WSSConfig Migration 1.6.18 -> 2.1.0

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WSSConfig Migration 1.6.18 -> 2.1.0

Stephen.CTR.Chappell

In my ongoing quest to upgrade legacy code, I’ve noticed a slimming down of what’s held in WSSConfig objects. That’s fine, but I’m having trouble figuring out where things have moved, or if the things I’m looking for are necessary/relevant anymore. Here’s a couple of specific cases:

 

1. At one point, I’m creating a WSSecurityEngine and setting some values on it, like so:

securityEngine.getWssConfig().setEnableSignatureConfirmation(true);

 

WSSConfig doesn’t have that flag anymore as far as I can tell. Is this default behavior now, or is there some other way to enable that behavior? I see that I can set it on a RequestData, but I don’t have one of those at the point I’m setting up the security engine.

 

2. WSSConfig used to have a method isWsiBSPCompliant(), which would trigger slightly different behaviors for me depending on its setting when I retrieved in from a RequestData object. Is that what the RequestData.isDisableBSPEnforcement() flag is now?

 

Thanx,

 

Stephen W. Chappell

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Re: WSSConfig Migration 1.6.18 -> 2.1.0

Colm O hEigeartaigh-2

Answers inline.

On Fri, Jul 10, 2015 at 8:14 PM, <[hidden email]> wrote:

WSSConfig doesn’t have that flag anymore as far as I can tell. Is this default behavior now, or is there some other way to enable that behavior? I see that I can set it on a RequestData, but I don’t have one of those at the point I’m setting up the security engine.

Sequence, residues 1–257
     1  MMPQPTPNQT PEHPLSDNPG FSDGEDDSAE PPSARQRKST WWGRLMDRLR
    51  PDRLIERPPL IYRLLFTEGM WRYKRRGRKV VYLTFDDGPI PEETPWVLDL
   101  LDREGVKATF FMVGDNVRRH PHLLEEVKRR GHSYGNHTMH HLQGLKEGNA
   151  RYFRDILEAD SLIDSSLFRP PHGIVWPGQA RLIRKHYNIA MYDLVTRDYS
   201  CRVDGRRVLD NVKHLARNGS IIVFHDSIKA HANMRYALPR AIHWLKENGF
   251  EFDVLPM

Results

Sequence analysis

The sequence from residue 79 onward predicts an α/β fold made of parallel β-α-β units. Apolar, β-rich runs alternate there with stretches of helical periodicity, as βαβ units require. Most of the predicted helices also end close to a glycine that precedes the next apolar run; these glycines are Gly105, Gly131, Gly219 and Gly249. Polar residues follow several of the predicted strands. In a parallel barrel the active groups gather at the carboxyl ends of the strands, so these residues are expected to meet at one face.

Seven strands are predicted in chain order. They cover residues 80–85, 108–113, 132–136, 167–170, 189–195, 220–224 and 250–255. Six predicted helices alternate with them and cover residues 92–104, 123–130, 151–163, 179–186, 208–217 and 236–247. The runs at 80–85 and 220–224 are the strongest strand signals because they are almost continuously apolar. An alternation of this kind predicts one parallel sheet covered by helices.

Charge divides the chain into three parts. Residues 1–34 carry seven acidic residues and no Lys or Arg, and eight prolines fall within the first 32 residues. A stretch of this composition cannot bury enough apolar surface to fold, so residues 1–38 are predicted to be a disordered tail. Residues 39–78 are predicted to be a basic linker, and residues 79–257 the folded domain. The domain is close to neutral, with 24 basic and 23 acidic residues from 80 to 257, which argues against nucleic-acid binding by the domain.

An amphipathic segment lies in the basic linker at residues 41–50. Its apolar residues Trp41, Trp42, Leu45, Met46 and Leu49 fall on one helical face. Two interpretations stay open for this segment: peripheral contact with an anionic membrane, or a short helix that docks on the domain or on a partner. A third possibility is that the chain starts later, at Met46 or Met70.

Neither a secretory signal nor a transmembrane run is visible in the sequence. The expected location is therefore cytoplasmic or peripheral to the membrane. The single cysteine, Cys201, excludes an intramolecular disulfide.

You can change your code to create a RequestData Object instead when calling the WSSecurityEngine methods. The WSSecurityEngine methods that don't take RequestData just end up creating RequestData internally anyway:

https://svn.apache.org/repos/asf/webservices/wss4j/trunk/ws-security-dom/src/main/java/org/apache/wss4j/dom/WSSecurityEngine.java

 

2. WSSConfig used to have a method isWsiBSPCompliant(), which would trigger slightly different behaviors for me depending on its setting when I retrieved in from a RequestData object. Is that what the RequestData.isDisableBSPEnforcement() flag is now?

 


Yeah, although it has the opposite semantics, as it is set to false by default, meaning that BSP enforcement is enabled. You can also disable specific BSP rules via the ignoredBSPRules List in RequestData.

Colm.
 

Thanx,

 

Stephen W. Chappell




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Colm O hEigeartaigh

Talend Community Coder
http://coders.talend.com
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RE: WSSConfig Migration 1.6.18 -> 2.1.0

Stephen.CTR.Chappell
Thanx, Colm. There's a few more things that have migrated somewhere that I'm having trouble finding ...

1. WSSecurityUtil used to have some DOM methods that mostly look like they were moved to XMLUtils. But there's one I can't find - storeElementInContext. Is that one still around, or will I need to implement locally?

2. ReferenceListProcessor used to have a static getXPath method, but it looks like that was recently refactored out. Was that moved somewhere?

Thanx,

Stephen W. Chappell

-----Original Message-----
From: Colm O hEigeartaigh [mailto:[hidden email]]
Sent: Monday, July 13, 2015 5:59 AM
To: [hidden email]
Cc: [hidden email]
Subject: Re: WSSConfig Migration 1.6.18 -> 2.1.0

Answers inline.

On Fri, Jul 10, 2015 at 8:14 PM, <[hidden email]> wrote: